Treatment Of Chronic Heart Failure
Therapy of chronic heart failure (CHF) is designed to: (i) improve the quality of life by reducing symptoms; (ii) lengthen survival; and (iii) slow the progression of cardiac deterioration. CHF typically has an underlying cause such as ischaemic heart disease, and may be exacerbated by specific precipitating factors such as infection or arrhythmias, as well as by myocardial abnormalities which develop as CHF progresses (e.g. valvular dysfunction). As well as the symptoms of CHF per se, both underlying and precipitating factors should, if possible, be treated. Restricting activity and reducing dietary sodium help to lessen cardiac workload and fluid retention.
The sympathetic and renin–angiotensin–aldosterone (RAA) systems activated in response to reduced pump function initially help to maintain cardiac output, but also drive the progression of cardiac deterioration (Figure 47; see also Chapter 46). Therapy mainly involves inhibiting these systems, and is initiated with angiotensin-converting enzyme inhibitors (ACEI) or β-blockers, which slow CHF progression, lengthen survival time and improve haemodynamic parameters. Angiotensin receptor blockers (ARBs) are used as an alternative in patients who cannot tolerate ACEI. If symptoms are not adequately controlled with one of these three types of drugs, one of the other classes is then also prescribed. Typically, a drug targeting the RAA system is combined with a β-blocker, although the ACEI–ARB combination can be used in β-blocker intolerant patients. Combining all three classes has been shown not to be beneficial and potentially increases side effects, so is not recommended. A diuretic can also be used to control fluid accumulation and digoxin may be used to support cardiac function and reduce symptoms. In severe or refractory CHF, or when existing therapy fails to control symptoms adequately, an aldosterone antagonist such as spironolactone or eplerenone is recommended.
Positive inotropes such as dobutamine, dopamine or milrinone may be used temporarily if decompensation (an acute worsening of heart failure) occurs, as can intra-aortic balloon counterpulsation (see Chapter 45).
Device therapy is playing an increasingly important role in treating chronic heart failure. Implantable cardiac defibrillators are used in many patients with moderate to severe CHF, as ∼50% of patients will have sudden cardiac death, which is mainly caused by ventricular fibrillation (see Chapter 50). Cardiac resynchronization therapy, which involves implantation of a pacemaker that stimulates both ventricles to contract simultaneously, can also be used in patients with moderate to severe CHF who show evidence of asynchronous ventricular contraction.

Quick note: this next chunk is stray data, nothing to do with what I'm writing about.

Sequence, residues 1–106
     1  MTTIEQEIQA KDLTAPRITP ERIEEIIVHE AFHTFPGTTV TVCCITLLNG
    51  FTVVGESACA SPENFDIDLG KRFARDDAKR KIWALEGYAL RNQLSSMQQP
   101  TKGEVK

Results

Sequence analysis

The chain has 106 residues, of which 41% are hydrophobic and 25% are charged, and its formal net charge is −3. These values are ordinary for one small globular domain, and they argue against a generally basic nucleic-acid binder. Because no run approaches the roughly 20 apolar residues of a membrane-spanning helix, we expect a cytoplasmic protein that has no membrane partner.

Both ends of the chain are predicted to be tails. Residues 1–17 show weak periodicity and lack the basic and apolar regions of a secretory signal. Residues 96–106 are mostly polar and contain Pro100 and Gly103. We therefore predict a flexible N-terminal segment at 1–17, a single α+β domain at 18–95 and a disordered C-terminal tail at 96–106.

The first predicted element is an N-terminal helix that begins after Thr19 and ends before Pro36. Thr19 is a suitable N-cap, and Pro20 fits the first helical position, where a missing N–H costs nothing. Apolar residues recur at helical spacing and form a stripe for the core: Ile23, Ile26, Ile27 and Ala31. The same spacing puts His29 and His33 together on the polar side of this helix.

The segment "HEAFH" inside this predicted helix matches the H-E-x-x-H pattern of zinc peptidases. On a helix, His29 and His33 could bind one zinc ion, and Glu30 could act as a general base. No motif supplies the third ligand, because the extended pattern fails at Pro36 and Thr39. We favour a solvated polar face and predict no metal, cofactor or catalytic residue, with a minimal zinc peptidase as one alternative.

A ventricular assist device (a pump that takes over part or all of the heart’s pumping action) can be used as a bridge for patients awaiting cardiac transplant, or as a destination device to lengthen survival if transplant is not possible.
ACEI and other vasodilators
As described in Chapter 29, angiotension II causes vasoconstriction and promotes fluid retention via multiple mechanisms. ACEI, which inhibit the conversion of angiotensin I to angiotensin II, therefore dilate arteries and veins, and reduce blood volume and oedema. Arterial vasodilatation decreases afterload and cardiac work, and improves tissue perfusion by increasing stroke volume and cardiac output. Venous dilatation and reduction of fluid retention diminish pulmonary congestion, oedema and central venous pressure (CVP) (preload). Reduction of preload lowers ventricular filling pressure, therefore lowering cardiac wall stress, workload and ischaemia. ACEI also delay abnormal cardiac hypertrophy and fibrosis, which are thought to be promoted by angiotensin II.
Angiotensin (AT1) receptor blockers such as losartan are used in patients unable to tolerate the cough or renal dysfunction occasionally caused by ACEI. The combination of the vasodilators isosorbide dinitrate (see Chapter 41) and hydralazine, although not as effective as an ACEI in prolonging survival, can be used instead of an ACEI or ARB for patients in whom blocking the RAA system is contraindicated. Hydralazine causes mainly arterial vasodilatation, possibly via inhibition of Ca2+ release from the sarcoplasmic reticulum.
The 1993 MDC study reported that the β1-selective antagonist metoprolol reduced mortality when added to conventional therapy for mild to moderate CHF. The benefits of adding metoprolol to standard therapy (ACEI and diuretics) were confirmed in the 1999 MERIT-HF study, which showed that this drug reduced 1-year mortality by 34% in patients with mild to severe CHF. Bisoprolol, another β1-selective antagonist, was shown by the 1999 CIBIS-II trial to similarly diminish mortality. Carvedilol is a non-selective β-blocker that has additional α-antagonist and antioxidant properties, and has also been shown to prolong survival in CHF. The 2003 COMET trial showed that when given to patients being treated with ACEI and diuretics, carvedilol extended survival to a greater extent than did metoprolol.